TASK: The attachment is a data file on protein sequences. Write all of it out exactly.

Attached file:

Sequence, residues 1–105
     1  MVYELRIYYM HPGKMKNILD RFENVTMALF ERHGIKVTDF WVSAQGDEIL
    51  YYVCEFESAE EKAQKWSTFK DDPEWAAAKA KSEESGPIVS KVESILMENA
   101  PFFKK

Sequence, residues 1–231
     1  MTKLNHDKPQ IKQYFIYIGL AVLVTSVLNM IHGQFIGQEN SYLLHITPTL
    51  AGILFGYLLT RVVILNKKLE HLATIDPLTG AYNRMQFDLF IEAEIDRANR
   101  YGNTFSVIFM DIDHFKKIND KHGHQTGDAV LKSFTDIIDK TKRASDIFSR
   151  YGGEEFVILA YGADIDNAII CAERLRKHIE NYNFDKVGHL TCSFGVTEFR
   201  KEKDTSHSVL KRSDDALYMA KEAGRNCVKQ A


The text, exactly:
Sequence, residues 1–105
     1  MVYELRIYYM HPGKMKNILD RFENVTMALF ERHGIKVTDF WVSAQGDEIL
    51  YYVCEFESAE EKAQKWSTFK DDPEWAAAKA KSEESGPIVS KVESILMENA
   101  PFFKK

Sequence, residues 1–231
     1  MTKLNHDKPQ IKQYFIYIGL AVLVTSVLNM IHGQFIGQEN SYLLHITPTL
    51  AGILFGYLLT RVVILNKKLE HLATIDPLTG AYNRMQFDLF IEAEIDRANR
   101  YGNTFSVIFM DIDHFKKIND KHGHQTGDAV LKSFTDIIDK TKRASDIFSR
   151  YGGEEFVILA YGADIDNAII CAERLRKHIE NYNFDKVGHL TCSFGVTEFR
   201  KEKDTSHSVL KRSDDALYMA KEAGRNCVKQ A